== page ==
Michigan State University graduate student Mitch Roth (second from left) and undergraduate student Logan Crumbaugh (second from right) pose with Erin Koglin (far left) and Brian Devine (far right) of Syngenta after being named the national winners of the 2015 Syngenta Agricultural Scholarship.
Michigan State University graduate student Mitch Roth (second from left) and undergraduate student Logan Crumbaugh (second from right) pose with Erin Koglin (far left) and Brian Devine (far right) of Syngenta after being named the national winners of the 2015 Syngenta Agricultural Scholarship.

Syngenta congratulates the national winners of its second annual Syngenta Agricultural Scholarship essay contest, graduate winner Mitch Roth and undergraduate winner Logan Crumbaugh, both of Michigan State University. In recognition of their winning essays, Syngenta has awarded each of them $7,000 in scholarship funds.

“We are excited to recognize Mitch and Logan, two accomplished scholars and future ag leaders, as the contest’s national winners,” said Mary Streett DeMers, senior communications lead, Syngenta. “Their passion for improving crop productivity sustainably is apparent in their essays, and we look forward to following their academic and professional successes.”

Last spring, Syngenta called for essays from students pursuing degrees in crop-related disciplines at U.S. land grant universities with accredited agriculture programs. Applicants were asked to describe their proposed approaches to implementing one of the six commitments comprising The Good Growth Plan, a measurable, global effort by Syngenta to improve crop productivity while also preserving natural resources.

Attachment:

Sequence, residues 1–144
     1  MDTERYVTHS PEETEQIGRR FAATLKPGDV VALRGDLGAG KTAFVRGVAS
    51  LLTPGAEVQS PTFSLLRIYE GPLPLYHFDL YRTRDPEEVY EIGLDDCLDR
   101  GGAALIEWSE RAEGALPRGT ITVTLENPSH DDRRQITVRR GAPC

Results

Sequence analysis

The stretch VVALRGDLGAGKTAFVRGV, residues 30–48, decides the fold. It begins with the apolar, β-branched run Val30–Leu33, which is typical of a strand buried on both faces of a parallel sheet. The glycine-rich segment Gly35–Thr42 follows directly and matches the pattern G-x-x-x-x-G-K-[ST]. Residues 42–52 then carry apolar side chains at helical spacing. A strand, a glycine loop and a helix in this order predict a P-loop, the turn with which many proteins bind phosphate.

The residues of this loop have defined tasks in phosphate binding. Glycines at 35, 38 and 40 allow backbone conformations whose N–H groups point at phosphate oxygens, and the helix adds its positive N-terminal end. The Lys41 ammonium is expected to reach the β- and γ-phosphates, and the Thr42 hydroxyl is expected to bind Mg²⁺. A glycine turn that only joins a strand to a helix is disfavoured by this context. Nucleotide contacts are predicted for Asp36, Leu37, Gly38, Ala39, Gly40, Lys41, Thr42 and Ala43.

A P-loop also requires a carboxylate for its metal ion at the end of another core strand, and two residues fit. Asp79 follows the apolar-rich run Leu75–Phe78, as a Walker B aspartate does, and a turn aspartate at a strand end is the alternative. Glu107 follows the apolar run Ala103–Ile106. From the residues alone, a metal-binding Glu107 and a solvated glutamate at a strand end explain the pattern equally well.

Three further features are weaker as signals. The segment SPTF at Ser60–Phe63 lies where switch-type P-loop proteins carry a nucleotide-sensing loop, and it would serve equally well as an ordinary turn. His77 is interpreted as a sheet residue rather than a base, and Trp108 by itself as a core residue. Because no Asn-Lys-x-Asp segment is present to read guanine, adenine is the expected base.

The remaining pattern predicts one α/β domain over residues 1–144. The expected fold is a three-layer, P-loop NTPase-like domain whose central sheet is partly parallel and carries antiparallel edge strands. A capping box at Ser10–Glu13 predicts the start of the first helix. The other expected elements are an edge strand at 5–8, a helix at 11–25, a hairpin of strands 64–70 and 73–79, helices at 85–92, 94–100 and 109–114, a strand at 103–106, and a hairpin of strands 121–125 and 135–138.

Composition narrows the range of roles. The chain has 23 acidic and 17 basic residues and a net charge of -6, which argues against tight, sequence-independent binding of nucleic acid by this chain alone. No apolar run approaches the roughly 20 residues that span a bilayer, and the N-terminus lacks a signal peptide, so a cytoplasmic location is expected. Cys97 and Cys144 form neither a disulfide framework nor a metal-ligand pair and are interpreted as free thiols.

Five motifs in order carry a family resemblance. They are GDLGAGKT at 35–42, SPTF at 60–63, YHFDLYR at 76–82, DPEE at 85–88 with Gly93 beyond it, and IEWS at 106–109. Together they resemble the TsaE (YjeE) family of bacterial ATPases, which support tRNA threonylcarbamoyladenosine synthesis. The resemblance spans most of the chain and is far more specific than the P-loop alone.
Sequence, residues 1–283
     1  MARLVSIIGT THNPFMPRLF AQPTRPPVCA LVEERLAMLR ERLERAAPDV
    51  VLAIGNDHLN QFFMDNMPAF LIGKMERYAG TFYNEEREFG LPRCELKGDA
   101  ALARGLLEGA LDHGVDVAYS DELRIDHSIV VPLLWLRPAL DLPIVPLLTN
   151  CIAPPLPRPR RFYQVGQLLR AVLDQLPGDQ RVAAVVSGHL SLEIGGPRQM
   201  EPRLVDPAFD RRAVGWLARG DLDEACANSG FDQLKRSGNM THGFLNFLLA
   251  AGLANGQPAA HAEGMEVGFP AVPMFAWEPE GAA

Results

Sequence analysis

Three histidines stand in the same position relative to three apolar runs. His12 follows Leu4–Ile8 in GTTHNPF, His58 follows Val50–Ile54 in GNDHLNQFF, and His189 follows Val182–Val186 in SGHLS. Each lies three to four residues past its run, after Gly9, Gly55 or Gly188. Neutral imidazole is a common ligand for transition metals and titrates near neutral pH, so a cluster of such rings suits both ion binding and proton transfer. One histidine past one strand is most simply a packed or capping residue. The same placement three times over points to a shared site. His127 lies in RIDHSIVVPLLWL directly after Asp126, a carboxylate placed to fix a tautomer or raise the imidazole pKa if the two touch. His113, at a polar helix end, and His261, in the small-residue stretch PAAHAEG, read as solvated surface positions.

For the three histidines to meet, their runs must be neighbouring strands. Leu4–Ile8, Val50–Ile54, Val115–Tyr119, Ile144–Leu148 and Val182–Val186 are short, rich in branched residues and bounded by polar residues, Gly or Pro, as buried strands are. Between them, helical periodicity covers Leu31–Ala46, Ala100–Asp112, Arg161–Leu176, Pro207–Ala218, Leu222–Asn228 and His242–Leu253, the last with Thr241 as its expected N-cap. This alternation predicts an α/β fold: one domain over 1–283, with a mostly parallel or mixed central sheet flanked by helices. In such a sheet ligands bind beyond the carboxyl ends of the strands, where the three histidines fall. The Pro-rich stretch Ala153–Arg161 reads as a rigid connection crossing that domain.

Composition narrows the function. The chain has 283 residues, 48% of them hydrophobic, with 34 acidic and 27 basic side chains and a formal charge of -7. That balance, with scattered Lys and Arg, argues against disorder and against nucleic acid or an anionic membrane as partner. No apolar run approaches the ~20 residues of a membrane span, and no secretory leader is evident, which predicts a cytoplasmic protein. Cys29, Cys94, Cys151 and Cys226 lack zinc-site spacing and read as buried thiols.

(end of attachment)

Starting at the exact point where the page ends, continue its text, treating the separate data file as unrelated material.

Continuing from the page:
“The future of agriculture is dependent on realizing the six commitments of The Good Growth Plan, and we are happy to have found students with thoughtful yet practical ideas for achieving this goal,” said Jill Wheeler, head of sustainable productivity in North America, Syngenta.

Implementing an educational program to help encourage productive conversations about agricultural research was among the priorities graduate winner Roth focused on in his essay. Crumbaugh’s essay emphasized the importance of stakeholder engagement in delivering on the commitments of The Good Growth Plan by 2020. 

Six additional students were each awarded a $1,000 regional scholarship prize. Recipients were Alonzo Harris, Jr. (Southern University and A&M College), Sarbottam Piya (University of Tennessee), Liam M. Farrell (The Pennsylvania State University), Christopher F. Strock (The Pennsylvania State University), Wendy J. Coons (Oregon State University) and Stephanie Smolenski Zullo (University of California-Davis).

The application period, essay topic and other details relating to the 2016 Syngenta Agricultural Scholarship contest will be announced in March.